Here’s our latest collection of cycling stories from around the web that got our attention in the past week.
Lost and found
We sometimes bring you stories on Going Going Bike where a bike that has been stolen has been returned to the owner some years after the original theft but the following story of a long lost bike being reunited with its original owner is a bit spooky. Lisa Brown lost her bike when she fell off a rickety bridge as an 11-year-old in 1970 in the Herring River part of Massachusetts. She abandoned the bike at the spot due to the muddy conditions and never returned to reclaim the bike. Forty two years later, Lisa’s partner Deirdre Olinger passed along the same location and spotted the very same bike in undergrowth. Deirdre immediately recognised the bike from an old photograph of Lisa’s that Lisa had kept and knew it had a blue vinyl seat, which this abandoned bike had. The couple have yet to decide whether to bring the now rusty bike home or leave it in the woods where it was discovered.
The dog that cycles
We like the odd here on Wheelie Good Round-Up and there is nothing odder than a full sized dog cycling (see video below). Meet Norman, the scooter the dog, who likes nothing more than getting out on his bike for a leisurely ride (when not on a scooter of course). Norman is a bit of a celebrity having featured on American TV shows such as The Late Show with David Letterman and Good Morning America. Norman also has his own website.
Cycle cafes are popping up all over the UK. They are places where you can go and have a nice cup of coffee or tea and maybe get your bike fixed. However, developers of a cafe in Hainan, China, are looking to go one stage further by building a cycle track on top of its cafe. The Hainan cafe, The Bicycle Club, would feature a rooftop velodrome supported by a glass-enclosed cafe on the ground level. The track cafe concept is being designed by Dutch architects NL Architects for Chinese housing developer Vanke. We’re trying to convince the landlord of the property that houses the GGB offices to build a velodrome on his roof!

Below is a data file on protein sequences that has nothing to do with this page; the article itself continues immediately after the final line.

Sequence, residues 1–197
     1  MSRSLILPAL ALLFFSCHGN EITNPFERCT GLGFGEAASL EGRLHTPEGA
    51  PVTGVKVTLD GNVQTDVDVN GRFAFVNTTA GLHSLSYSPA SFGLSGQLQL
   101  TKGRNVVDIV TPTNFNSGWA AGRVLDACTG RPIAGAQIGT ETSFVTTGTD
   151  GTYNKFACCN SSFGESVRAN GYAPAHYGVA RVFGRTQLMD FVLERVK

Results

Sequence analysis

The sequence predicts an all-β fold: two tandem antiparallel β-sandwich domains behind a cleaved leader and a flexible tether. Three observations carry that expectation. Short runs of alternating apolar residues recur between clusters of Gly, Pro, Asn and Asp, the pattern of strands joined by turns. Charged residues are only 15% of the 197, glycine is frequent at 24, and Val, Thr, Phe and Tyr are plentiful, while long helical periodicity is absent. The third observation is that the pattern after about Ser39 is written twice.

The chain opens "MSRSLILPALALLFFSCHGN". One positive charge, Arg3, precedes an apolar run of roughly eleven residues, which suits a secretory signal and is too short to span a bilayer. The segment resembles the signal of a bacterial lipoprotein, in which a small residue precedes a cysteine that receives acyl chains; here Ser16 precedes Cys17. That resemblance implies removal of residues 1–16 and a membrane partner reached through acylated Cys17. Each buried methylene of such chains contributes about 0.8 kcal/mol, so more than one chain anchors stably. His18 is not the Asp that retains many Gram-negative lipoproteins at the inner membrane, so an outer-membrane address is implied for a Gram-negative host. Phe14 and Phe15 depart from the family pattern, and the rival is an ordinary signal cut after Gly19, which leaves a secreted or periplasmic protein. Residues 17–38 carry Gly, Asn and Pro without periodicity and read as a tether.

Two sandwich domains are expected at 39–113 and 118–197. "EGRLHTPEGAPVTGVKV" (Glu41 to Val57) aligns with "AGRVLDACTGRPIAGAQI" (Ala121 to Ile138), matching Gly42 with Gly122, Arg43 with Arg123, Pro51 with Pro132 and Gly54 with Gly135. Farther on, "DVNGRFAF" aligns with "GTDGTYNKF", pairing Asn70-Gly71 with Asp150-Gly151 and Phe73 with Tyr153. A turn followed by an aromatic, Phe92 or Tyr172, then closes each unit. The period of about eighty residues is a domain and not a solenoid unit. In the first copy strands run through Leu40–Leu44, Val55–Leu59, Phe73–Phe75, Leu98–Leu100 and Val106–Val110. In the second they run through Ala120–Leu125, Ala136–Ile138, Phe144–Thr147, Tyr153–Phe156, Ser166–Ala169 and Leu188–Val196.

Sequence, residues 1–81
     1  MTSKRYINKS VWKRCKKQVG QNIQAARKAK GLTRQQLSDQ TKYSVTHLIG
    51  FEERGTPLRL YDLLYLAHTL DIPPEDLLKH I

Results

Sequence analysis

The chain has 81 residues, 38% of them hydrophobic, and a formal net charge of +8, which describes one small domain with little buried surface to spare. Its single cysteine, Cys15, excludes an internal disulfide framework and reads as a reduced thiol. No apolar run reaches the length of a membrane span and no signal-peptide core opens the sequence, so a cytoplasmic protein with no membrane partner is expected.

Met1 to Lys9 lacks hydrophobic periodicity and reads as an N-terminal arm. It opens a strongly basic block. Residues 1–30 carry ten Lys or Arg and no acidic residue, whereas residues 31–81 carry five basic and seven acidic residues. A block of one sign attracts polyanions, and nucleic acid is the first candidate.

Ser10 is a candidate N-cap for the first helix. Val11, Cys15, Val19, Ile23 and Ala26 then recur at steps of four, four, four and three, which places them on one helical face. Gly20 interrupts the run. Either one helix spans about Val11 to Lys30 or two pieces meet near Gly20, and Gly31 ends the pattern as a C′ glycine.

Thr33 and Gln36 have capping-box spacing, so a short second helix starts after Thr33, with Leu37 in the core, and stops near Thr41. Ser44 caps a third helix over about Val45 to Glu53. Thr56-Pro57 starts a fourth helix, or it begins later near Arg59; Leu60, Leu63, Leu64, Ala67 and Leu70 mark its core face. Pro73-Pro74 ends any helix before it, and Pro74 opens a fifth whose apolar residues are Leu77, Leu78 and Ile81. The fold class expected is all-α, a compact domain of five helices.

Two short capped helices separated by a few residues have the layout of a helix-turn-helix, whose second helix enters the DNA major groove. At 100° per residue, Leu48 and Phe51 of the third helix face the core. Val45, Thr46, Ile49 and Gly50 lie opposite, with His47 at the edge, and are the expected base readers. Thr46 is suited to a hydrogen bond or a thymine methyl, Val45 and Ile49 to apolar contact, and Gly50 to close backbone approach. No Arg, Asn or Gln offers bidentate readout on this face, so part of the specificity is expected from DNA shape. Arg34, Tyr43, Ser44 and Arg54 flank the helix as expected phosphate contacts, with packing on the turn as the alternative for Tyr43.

Those design boffins that work for major motor manufacturers sure do like their concept vehicles. This does not only extend to four wheels but two. Audi has recently showed off its stirking e-bike concept Wörthersee to the world. The Wörthersee is unlike any other e-bike though in that it is primarily designed on a trails bike concept, so its use is for sport, trail riding and of course stunts/tricks. Designed and tested with feedback from trails cycling star Julien Dupont, the Wörthersee offers a host of innovations including smartphone connectivity for the recording of stunts, seat adjustment via electronic means and automatic stabilisation when performing wheelies and other tricks. We think this is one concept that even without the electric bike motor that has commercial possibilities.
Don’t look back in anger
When cycling it can be difficult to keep a track on what is going on behind you. This is particularly so if you are switching lanes or overtaking and you need to know what is behind you. One tech solution to this is the Bicycle Rearview Camera. This camera, which attaches to the seat post of a bike, captures a 75º field of view of the road behind that can be seen on a front monitor that attaches to the handlebar. The weather- and vibration-resistant camera also features a circular set of red LEDs, which flash when the camera’s sensor detects low light conditions.